Yes, if you are under the age of 18, even though you purchased it and pay the monthly cost, your parents retain custody of you and your things. You can do whatever you want after you're 18, however if you're 18 or older and living in their house, they can't take it away or ground you, but they can tell you...
...however, they can't force you to get a new phone. If you don't like what another company does with its products, you can always buy another one from any other manufacturer. A limited warranty means that the manufacturer will replace damaged or malfunctioning parts—but only after you've used them for some time.
In conclusion, yes, your mother can take your phone away if you pay for it.
As long as you reside in your parents' home, are financially supported by them, and are legally accountable for you, they have the authority to make decisions about how you spend your life. They may need to keep your iPhone and return it to you when you reach the age of 18, as it is technically your property that you paid for.
Consider paying a portion of the cost yourself. Your parents would most likely appreciate the fact that you volunteered to pay for a piece of it. This will also demonstrate to your parents how determined you are to obtain this thing. Do not back out of your offer if your parents ask you to pay for half of it. Keep your word and pay the agreed-upon portion.
You are a legal adult. Your parents do not have the power to seize something that is the property of another adult. And, sure, if you purchased the phone and paid the bill, it is yours. It is a felony for your parents, or anybody else, to remove someone else's property without consent. And even if they had permission once, they can't give it to others.
However, if you did not pay for the phone (or any other item), your parents could be prosecuted for theft. Even if you agreed to pay them back later. And even if you promised not to break items when you leave home.
In addition, your parents may have certain rights as an owner and holder of the storage agreement. For example, they may be able to sell some of your belongings if there is no more room in the house for you to bring new things when you move out. Or maybe they will let you take some of the unneeded items with you if you go to school or work outside the city limits. But you should ask them first before you pack up your belongings.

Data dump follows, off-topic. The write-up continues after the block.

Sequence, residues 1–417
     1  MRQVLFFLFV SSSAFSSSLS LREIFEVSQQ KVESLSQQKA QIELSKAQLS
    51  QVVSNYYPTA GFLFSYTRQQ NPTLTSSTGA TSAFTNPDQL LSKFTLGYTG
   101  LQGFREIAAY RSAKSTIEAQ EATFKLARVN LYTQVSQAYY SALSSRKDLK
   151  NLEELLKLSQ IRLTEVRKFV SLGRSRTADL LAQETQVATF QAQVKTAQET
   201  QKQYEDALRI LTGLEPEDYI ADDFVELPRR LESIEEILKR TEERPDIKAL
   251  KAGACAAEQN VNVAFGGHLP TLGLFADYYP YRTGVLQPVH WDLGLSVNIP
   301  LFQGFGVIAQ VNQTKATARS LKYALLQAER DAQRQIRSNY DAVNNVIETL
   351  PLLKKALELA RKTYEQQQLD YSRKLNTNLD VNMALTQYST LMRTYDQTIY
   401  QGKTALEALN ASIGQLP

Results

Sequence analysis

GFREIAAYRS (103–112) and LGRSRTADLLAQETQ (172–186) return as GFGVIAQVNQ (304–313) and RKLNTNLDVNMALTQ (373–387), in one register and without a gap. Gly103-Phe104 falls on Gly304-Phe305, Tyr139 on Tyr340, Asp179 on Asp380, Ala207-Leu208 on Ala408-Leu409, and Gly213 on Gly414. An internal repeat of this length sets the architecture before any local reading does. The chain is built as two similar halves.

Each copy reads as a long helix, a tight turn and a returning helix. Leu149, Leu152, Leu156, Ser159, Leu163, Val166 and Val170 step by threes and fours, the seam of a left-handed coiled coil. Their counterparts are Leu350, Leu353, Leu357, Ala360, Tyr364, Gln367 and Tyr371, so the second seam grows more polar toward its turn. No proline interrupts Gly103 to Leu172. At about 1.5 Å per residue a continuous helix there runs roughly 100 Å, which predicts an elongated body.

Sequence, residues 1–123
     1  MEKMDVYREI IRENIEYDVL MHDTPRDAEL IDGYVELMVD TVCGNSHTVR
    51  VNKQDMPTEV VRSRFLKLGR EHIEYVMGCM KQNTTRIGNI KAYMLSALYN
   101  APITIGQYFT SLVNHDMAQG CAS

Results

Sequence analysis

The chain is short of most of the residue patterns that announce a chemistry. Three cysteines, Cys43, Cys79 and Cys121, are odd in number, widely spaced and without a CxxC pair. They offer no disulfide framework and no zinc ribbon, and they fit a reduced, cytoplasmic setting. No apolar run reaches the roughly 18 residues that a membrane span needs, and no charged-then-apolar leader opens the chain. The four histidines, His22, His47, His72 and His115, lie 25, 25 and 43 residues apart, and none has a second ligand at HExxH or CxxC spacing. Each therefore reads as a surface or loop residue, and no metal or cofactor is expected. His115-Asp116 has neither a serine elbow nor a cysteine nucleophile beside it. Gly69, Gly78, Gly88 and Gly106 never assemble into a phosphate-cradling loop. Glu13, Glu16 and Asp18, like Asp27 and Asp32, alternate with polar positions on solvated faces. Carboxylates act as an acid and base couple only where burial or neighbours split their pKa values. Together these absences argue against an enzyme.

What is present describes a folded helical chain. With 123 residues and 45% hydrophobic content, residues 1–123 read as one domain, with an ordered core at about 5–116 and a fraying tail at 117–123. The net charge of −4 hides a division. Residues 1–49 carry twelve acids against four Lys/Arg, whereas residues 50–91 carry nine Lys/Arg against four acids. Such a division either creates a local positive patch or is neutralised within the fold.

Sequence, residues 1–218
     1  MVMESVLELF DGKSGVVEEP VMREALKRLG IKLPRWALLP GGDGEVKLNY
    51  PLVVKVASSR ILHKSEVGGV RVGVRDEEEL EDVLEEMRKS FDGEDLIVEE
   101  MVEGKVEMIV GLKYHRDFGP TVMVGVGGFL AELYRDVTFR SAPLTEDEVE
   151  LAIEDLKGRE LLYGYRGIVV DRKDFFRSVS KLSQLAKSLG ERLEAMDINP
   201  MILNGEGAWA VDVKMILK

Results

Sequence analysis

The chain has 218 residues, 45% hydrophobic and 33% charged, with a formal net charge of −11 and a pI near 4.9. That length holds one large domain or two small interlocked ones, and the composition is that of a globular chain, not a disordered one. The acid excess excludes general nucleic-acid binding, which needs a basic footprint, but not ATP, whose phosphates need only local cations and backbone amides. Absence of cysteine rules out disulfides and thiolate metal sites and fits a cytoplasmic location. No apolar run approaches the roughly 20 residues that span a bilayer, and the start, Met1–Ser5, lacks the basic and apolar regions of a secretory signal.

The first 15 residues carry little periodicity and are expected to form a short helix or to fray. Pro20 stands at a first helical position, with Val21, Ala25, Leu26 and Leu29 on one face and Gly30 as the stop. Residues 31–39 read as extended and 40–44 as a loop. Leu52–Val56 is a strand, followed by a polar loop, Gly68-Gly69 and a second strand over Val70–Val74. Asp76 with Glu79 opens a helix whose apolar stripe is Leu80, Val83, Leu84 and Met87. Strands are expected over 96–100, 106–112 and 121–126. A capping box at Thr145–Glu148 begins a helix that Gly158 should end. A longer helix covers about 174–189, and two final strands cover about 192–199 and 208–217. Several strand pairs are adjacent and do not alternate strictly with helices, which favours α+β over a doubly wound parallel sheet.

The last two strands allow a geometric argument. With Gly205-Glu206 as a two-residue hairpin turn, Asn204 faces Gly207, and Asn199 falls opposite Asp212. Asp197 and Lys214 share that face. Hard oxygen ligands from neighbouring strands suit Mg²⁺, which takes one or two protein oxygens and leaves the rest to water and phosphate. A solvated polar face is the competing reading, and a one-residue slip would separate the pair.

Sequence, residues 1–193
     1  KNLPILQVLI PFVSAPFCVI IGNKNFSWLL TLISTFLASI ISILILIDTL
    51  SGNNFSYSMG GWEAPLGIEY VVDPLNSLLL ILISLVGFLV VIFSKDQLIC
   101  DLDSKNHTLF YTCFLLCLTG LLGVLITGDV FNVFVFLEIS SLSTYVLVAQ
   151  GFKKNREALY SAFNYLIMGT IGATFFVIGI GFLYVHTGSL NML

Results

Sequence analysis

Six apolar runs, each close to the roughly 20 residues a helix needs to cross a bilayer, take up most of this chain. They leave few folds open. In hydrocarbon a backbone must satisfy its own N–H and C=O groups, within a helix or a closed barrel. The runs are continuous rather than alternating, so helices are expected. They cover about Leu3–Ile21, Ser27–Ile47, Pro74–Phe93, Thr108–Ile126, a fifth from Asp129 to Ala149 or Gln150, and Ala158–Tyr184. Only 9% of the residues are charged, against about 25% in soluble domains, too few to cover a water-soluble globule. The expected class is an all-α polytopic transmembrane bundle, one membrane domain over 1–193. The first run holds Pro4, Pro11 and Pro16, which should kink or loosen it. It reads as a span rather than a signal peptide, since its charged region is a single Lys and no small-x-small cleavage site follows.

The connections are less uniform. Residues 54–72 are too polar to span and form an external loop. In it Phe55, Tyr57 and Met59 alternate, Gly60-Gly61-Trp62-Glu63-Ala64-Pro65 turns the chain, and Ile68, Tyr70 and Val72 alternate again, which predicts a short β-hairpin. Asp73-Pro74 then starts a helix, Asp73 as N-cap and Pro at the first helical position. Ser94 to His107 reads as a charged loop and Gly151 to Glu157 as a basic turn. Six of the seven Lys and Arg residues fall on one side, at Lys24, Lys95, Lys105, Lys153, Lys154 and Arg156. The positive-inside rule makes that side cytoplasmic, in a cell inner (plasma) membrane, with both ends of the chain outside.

Finally, if you moved out of the house when you were 18 years old but still need money every month until you turn 21, your parents are required by law to keep paying your medical bills if you become sick. They can choose not to do so, but then they would no longer be responsible for you. So it is in their best interest to keep sending the checks.
If you own the phone, your parents—or anybody else—cannot legally take it away from you. On the other hand, if your parents are paying the phone's monthly expenses, they have the right to quit doing so. When this happens, the phone company will usually send a new device to replace it.
In addition, your parents can ask the phone company to stop providing service to you by calling 1-800-331-0500 and requesting that your account be closed. However, even after you've been disconnected, your parent or guardian can go to any police station and file a lost or stolen report. This would then allow the police to continue searching for your phone.
Finally, if your phone was lost or stolen and recovered later, your parent or guardian could request that the phone company reinstate your account. You would then have access to all of its features including calling history, text messages, etc.
As long as you have a working phone number, your parent or guardian cannot forbid you from using it. If you don't want them to know where you are, tell them before they turn off your service.
You are an adult when you reach the age of 18. You are legally capable of purchasing a phone and contracting for phone service. Your parents do not have the authority to take away your phone if you have paid for it, signed a contract with the phone provider, and are paying the phone bills. At 18, you also have the ability to deny any contact from your parents or receive new information from them.
As long as you stay on your parent's plan and pay their bill, they cannot take your phone away from you. They can still access its contents through the Google Account linked to it. If you have set up a lock screen password, they would need your password to view any relevant information. However, if there is no password set, they could see everything on the device including calls made and received, texts messages sent and received, email messages, notes, photos, videos taken with the camera, etc.
If you aren't using your phone and don't pay your bill, your parents may be able to take it away from you. In this case, they would need your password to look at the device and find out how to disable it so they can send it back to the manufacturer or phone carrier.
Without your permission, your parents can't just break into your phone and read emails or take pictures without your knowledge.